The pilot follows a group of characters around the world who have to deal with the consequences of a 2-minute, 17-second glimpse into the future. The series is loosely based on Robert J. Sawyer’s novel Flashforward.

“The core concept is very much the same as Robert Sawyer’s novel,” Braga says. “That was the impetus for it and the idea of the entire world blacking out at the same time for a discrete amount of time, and everybody on Earth having mysterious visions of the future. Same idea. Obviously, to do a TV show, you have to sustain potentially—and God willing—100 episodes or more; you’ve got to change the concept a little bit. His novel had people having visions of the future 20 years from now. We change that to five months from now and kind of narrowed down the scope a little bit and made it a little bit more of an intimate epic. But essentially the concept is the same.”

The show features an ensemble cast, led by Joseph Fiennes, Sonya Walger, John Cho, Christine Woods, Jack Davenport and Courtney B. Vance, and is envisioned as a companion to Lost. Goyer directs the one-hour pilot, which goes into production in February in Los Angeles.

“We just finished casting the pilot right before the holiday, and we just went into … official prep on it two days ago, so David is busy getting ready to direct, and we’re going to shoot it next month, right after President’s Day,” Braga says.

Ultimately, the show will deal with the theme of free will vs. fate, Braga says. “Absolutely,” he says, adding: “Thematically that’s what the show is about, for sure. Yeah, and seeing how these people’s visions come true or not come true or come true because they tried to not make it come true. Some people want it to come true. Some people don’t want it to come true. It’s a fascinating concept. We’re very excited about it.”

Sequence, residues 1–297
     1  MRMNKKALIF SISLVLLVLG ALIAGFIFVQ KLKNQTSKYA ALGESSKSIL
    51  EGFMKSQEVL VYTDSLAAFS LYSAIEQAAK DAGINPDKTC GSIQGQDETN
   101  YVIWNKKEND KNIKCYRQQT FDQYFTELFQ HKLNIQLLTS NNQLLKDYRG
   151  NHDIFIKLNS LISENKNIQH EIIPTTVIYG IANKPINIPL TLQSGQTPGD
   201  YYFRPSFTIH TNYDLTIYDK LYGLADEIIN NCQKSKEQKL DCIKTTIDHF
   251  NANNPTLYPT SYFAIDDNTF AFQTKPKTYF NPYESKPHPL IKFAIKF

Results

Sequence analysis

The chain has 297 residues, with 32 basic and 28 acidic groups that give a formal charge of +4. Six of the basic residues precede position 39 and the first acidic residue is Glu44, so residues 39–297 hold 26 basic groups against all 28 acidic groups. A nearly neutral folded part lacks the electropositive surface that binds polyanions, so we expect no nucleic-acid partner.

Sci FI Wire has information on the reimagined minseries, The Prisoner, which AMC will air next November:

American Movie Classics has shot a six-hour miniseries re-imagining of The Prisoner for modern-day audiences. One of the biggest changes in this re-imagining is that Six is now American, played by Jim Caviezel.

“I don’t think it makes any difference,” director Nick Hurran said in a press conference Jan. 8 in Universal City, Calif. “It’s a mixed-nationality cast. It’s a very global Village. I think we accept that now. We’re so used to a society being of every culture, every race, that it would have been quite parochial to go and do a British thing.”

This Village is set in the middle of a desert, as opposed to the seaside Village of the original. “Epic is absolutely the right word,” Hurran said. “The vistas that this prison gives, setting it in the Namibian desert or the nonspecific desert that we don’t know where it is, the character Six runs away to get free, to escape, and just keeps running and keeps running, and there is more sand than I have ever seen in my life. It gets to places you never knew you had.”

The desert turned out to be a production nuisance when the filmmakers had to re-create location shoots in Namibia. The majority of production was based in Cape Town, South Africa. “My overriding memory of this production is sand, no matter where we were,” Hurran said. “It returned, even in South Africa, when we had to try and re-create some locations to make them look like they were still in the Village. We needed to import sand and carefully, painstakingly lay it across the streets of Cape Town. Unfortunately, Cape Town’s very windy, and the wind certainly blew and blew all of the carefully laid sand about 100 meters into front yards and people’s letterboxes. So sand remained with us forever.”

Die-hard fans of the original Prisoner will notice some familiar tidbits. “There are a number of, of course, homages that the keen eye will see in what’s said and what’s worn, in pieces of architecture,” Hurran said. “Of course, there are a number of salutes that we made to the fantastic piece that was created. I think it would be a shame to take it to the next generation and not acknowledge what an extraordinary piece of work that was. [It’s] enigmatic, I think slightly less surreal, but it is as bizarre, in a good way.”

The big event today is the first of two two-hour episodes of 24 airing today and tomorrow to start the season. Sci FI Wire gives eight reasons why 24 is really science fiction.